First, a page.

The waterjet pump is designed to pressurize water at 60,000 pounds per square inch (psi) and propel it at speeds of up to 2,500 feet per second (760 m/s). This high-pressure stream of water is used to cut through the material.

To further increase the cutting power of a water jet stream, abrasives can be mixed with the water. The abrasives are typically added in small quantities and stored in a holding tank. They flow into the nozzle through an abrasive inlet along with the water and are forced out at high pressure.

What Can A Waterjet Cut?

What Can A Waterjet Cut?

Waterjet cutting is a versatile technology that can be used to cut a range of materials. It can cut hard materials up to 30 cm (12 inches) in length, while it also works well on soft materials such as plastics and rubbers.

Listed below are some of the most common materials that are cut with waterjet technology:

  • Natural Substances (Glass, Wood, Marble, Leather)
  • Artificial Substances (Plastic, Foam, Acrylic, Rubber)
  • Metals and Alloys (Aluminum, Titanium, Copper, Inconel)
  • Composites (Fiberglass, Kevlar, Carbon Fiber, Phenolic)

There are only a few materials that cannot be cut with a waterjet, including diamond, tempered glass, semi-liquid materials, and advanced ceramics.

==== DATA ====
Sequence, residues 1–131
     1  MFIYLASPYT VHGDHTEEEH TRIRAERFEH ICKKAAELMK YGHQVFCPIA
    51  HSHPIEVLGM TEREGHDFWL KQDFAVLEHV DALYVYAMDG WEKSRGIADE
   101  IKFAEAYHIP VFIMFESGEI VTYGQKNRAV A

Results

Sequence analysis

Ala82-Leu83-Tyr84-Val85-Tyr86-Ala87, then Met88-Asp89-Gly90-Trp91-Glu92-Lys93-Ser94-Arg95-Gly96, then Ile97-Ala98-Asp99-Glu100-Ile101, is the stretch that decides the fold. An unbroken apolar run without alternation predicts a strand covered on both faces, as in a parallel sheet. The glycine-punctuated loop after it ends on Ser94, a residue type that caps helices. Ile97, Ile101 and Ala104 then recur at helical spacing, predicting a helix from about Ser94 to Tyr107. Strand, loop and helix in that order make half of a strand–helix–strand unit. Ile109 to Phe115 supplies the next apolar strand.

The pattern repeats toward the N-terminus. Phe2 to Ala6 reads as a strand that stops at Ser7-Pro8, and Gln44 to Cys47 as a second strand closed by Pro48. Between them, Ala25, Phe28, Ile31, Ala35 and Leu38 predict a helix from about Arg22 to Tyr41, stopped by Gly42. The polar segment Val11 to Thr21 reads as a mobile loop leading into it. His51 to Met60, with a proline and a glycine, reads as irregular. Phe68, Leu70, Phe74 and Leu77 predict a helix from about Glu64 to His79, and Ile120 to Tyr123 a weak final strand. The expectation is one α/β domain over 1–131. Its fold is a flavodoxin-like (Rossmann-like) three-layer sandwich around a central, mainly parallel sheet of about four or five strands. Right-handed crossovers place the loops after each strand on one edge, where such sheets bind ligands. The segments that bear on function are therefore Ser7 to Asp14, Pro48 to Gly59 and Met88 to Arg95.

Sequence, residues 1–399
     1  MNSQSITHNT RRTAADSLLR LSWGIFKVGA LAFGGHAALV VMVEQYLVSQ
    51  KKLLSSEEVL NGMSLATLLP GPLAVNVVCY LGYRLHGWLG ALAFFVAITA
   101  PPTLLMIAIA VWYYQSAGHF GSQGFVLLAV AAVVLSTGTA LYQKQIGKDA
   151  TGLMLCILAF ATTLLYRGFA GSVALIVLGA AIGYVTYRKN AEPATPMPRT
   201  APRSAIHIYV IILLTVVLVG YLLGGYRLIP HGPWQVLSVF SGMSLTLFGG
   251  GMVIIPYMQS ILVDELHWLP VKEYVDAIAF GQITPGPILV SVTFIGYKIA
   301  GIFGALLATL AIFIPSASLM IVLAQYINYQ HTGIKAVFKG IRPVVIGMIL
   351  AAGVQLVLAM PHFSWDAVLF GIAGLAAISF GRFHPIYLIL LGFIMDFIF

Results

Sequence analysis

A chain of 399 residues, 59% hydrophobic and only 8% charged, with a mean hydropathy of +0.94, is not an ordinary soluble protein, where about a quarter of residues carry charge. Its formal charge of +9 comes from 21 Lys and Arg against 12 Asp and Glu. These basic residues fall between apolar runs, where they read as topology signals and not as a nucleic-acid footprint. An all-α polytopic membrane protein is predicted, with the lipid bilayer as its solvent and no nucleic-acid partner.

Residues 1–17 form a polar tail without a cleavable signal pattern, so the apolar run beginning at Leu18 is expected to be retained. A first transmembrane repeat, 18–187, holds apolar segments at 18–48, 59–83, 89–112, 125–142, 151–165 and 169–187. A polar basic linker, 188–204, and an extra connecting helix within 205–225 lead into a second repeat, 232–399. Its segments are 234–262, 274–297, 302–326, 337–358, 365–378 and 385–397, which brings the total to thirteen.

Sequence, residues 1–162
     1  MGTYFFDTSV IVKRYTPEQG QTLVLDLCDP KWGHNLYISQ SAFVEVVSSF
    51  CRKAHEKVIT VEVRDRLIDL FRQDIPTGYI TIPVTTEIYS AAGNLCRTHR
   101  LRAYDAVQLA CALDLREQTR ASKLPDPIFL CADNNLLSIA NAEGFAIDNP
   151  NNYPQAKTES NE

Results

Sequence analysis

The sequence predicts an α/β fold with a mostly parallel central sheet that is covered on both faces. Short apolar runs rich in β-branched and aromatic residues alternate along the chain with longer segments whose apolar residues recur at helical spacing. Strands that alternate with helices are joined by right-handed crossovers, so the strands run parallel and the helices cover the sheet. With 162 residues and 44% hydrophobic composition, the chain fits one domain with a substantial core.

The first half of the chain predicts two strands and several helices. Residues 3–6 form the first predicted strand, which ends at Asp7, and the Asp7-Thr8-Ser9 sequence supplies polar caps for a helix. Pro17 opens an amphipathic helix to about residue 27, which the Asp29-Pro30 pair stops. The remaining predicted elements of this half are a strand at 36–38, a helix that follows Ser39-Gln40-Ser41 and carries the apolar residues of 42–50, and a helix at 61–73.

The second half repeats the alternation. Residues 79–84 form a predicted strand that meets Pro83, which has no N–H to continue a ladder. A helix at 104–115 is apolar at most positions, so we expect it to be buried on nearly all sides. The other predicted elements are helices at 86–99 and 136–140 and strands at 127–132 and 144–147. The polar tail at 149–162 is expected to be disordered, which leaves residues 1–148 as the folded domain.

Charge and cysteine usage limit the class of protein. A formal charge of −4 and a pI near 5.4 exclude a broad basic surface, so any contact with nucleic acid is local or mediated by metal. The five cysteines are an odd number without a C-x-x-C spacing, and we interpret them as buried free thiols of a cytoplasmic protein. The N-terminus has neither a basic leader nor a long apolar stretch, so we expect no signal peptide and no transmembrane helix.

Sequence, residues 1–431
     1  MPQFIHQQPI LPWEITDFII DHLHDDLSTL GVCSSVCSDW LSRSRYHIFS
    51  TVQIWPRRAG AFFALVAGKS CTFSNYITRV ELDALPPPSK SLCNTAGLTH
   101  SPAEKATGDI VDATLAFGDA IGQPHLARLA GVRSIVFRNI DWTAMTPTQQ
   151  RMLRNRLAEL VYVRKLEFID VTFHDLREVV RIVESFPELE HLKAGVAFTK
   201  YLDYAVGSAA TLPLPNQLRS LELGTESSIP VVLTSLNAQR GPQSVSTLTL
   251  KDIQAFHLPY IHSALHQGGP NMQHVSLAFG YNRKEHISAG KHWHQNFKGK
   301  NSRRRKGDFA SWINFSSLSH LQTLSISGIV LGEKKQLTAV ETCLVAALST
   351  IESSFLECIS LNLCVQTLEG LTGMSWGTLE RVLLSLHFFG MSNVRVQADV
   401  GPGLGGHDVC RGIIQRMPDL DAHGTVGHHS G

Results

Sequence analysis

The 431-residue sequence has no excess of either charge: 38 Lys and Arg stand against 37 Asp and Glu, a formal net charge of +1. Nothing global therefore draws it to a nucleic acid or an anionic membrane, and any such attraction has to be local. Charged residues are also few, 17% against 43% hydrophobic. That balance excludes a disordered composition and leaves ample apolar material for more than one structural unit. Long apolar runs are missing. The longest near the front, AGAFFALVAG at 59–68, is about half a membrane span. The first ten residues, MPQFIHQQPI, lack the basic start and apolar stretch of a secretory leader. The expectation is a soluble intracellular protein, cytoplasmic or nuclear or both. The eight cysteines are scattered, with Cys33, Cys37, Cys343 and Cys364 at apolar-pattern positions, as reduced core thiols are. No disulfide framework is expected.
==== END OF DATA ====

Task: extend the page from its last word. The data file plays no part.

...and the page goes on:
Waterjet Cutting Uses

Waterjet Cutting Uses

Waterjet cutting is used in a variety of industries for a range of applications. Due to its versatility, the technology can be used for both small-scale and large-scale projects.

Some of the most common uses of waterjet cutting include:

Aerospace: Used in the manufacture of parts for jet engines & turbine blades, as well as aircraft composite materials.

Food Processing: Used for cutting and shaping a variety of food items in a sterile, accurate, and efficient way.

Automotive: Used for manufacturing components made of different materials on production lines.

Electronics: Used in the electronics industry to cut printed circuit boards and other electronic components.

Art and Design: Often used by artists and designers to create unique shapes, designs, and custom patterns.